In 2017, during our nursery residency, our focus had gradually shifted. Through spending time in play and discussion with children, parents and staff, we increasingly learned of the lack of suitable provision for children with ‘special educational needs and disabilities’. One child who we developed a relationship with was taking an extra year at nursery, as no school in the area would accommodate her. While the local authority was still legally required to educate her, the logic of marketized competition and austerity under which individual schools were operating permitted and incentivised them not to.7
A reflexive, critical care requires time, patience and a holding onto of complexity. It is not about efficiency, it is not linear. It is a taking care, a caring for, a caring with, and a caring about, and a caring with, a caring for, a caring about, a taking care. Such care is ever more vital in an uncaring world.
Meanwhile however, our world continues on. It is a world in which the dominant logic is one of techno-rationalist acceleration. The abstracted, automated networks and structures which increasingly mediate and constitute our world proceed ever faster. Such a logic justifies its own perpetual reproduction though proclaimed certainties: ‘the market’, ‘the individual’, a rationale of future focussed efficiency and progress. A complex, reflexive care and those who seek or require it are, in the terms of this world, a burden, a cost, and a hindrance.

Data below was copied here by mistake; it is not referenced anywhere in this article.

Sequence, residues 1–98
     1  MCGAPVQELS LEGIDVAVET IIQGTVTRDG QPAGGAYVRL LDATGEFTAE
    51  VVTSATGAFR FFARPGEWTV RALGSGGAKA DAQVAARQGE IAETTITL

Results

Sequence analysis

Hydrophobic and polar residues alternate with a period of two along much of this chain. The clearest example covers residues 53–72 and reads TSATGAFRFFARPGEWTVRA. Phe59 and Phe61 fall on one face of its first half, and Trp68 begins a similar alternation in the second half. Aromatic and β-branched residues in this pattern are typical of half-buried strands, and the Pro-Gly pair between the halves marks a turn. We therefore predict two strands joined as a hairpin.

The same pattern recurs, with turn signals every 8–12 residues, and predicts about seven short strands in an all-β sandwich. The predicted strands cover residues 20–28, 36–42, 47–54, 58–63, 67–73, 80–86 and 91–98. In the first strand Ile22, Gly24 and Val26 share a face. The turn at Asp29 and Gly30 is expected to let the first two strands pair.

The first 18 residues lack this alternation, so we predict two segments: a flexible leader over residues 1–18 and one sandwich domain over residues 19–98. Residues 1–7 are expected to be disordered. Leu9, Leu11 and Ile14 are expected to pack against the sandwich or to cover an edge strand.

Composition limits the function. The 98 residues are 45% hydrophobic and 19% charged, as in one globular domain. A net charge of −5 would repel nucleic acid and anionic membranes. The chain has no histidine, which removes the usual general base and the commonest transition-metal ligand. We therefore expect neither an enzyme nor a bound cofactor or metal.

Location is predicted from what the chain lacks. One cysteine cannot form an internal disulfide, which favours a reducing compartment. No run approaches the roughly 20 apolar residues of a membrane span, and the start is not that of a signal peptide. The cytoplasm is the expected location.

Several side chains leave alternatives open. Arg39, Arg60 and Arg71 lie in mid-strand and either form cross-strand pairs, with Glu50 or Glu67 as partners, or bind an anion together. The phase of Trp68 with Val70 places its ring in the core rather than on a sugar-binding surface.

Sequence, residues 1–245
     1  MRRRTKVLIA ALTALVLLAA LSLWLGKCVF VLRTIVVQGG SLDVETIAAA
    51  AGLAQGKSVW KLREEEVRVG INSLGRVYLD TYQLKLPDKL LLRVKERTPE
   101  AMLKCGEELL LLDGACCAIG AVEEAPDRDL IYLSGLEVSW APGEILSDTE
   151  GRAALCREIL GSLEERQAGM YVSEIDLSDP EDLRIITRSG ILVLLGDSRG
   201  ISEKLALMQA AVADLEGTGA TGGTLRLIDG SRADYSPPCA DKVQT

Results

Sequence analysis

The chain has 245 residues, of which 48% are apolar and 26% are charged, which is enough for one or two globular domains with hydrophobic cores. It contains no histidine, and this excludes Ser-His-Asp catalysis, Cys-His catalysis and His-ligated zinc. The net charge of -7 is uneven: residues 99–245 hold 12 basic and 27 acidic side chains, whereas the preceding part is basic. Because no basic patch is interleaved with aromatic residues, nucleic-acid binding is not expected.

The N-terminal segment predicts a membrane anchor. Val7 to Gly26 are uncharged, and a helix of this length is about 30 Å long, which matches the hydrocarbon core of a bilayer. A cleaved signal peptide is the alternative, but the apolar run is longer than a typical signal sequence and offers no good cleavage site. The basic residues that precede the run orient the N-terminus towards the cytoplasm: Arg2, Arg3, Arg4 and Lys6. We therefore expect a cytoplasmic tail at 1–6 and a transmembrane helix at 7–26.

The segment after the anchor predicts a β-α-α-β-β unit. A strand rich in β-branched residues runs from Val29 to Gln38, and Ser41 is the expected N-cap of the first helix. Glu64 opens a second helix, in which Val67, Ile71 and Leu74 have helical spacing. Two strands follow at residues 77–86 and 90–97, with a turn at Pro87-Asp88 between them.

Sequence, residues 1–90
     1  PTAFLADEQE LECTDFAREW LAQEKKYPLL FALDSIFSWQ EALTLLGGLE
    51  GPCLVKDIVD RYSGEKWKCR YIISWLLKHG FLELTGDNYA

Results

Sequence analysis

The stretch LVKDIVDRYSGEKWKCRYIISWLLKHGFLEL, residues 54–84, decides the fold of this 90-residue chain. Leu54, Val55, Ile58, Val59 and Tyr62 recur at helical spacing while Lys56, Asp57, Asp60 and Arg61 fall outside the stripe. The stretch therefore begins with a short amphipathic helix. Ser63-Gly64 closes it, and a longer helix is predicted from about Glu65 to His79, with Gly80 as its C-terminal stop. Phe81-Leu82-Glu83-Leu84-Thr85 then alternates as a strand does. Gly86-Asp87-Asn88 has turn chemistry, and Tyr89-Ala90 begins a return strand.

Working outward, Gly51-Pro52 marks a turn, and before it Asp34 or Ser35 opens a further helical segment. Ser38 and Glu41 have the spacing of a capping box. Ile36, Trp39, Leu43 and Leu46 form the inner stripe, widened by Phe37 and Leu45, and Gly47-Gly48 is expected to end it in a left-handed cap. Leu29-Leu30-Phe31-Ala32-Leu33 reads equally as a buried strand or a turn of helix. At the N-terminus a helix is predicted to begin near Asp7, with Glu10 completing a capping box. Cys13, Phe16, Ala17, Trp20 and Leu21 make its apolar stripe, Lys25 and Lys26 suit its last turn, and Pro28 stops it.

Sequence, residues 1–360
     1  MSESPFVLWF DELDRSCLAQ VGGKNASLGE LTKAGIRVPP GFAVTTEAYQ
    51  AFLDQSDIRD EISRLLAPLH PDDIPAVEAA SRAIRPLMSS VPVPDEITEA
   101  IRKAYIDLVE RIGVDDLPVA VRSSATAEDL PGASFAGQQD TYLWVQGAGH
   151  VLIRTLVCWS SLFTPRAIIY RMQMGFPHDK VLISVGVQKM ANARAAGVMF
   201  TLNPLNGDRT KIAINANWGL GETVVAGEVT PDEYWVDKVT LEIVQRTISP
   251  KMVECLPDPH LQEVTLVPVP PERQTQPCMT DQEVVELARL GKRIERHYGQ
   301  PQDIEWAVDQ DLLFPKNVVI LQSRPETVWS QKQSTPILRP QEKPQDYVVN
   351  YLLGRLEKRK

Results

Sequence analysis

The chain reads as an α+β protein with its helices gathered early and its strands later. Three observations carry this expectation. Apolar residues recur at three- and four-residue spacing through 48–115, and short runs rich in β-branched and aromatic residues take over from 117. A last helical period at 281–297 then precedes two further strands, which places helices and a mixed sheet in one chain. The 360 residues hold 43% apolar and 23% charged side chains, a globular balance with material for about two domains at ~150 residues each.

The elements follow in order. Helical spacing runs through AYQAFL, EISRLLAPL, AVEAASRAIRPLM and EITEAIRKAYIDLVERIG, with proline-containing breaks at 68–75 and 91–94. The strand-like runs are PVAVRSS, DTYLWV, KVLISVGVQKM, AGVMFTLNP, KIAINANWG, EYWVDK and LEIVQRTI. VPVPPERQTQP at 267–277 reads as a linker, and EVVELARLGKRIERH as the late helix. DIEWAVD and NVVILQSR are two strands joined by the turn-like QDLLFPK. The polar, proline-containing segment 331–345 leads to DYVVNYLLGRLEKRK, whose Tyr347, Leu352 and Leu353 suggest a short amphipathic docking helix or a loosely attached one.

Accelerated beyond, there is a risk that reflexive, critical care will always be left behind, cast into a reactive position. Valuable counter-sites such as SopraSotto will occur, but risk always being the exception, the much-needed response to a broader context of uncaring, onrushing faits accomplis.
Researching, spending time in, and taking my daughter to various nurseries, I think upon their proximity to art. I recall how the Bauhaus Vorkurs, precursor to the ‘foundation course’, was profoundly influenced by the development of kindergarten. Through the nineteenth century, early years education, or kindergarten, became a focus of intellectual enquiry and development, notably in Germany before spreading across Europe. Friedrich Fröbel introduced an emphasis on fostering abstract thought and playing with materials in a non-representational manner to the nascent curriculum. Johannes Itten, creator of the Bauhaus Vorkurs, had formerly been a Fröbel-influenced Kindergarten teacher, and concepts and practices from this early years experience permeated the new course.8
Via the Bauhaus Vorkurs, a thread runs between nursery and the avant-garde. It may be tenuous to suggest that the fostering of abstract playfulness in kindergartens played any significant role in the emergence of the radical, disruptive intentions of the avant-garde, but there was at least some interplay between the two.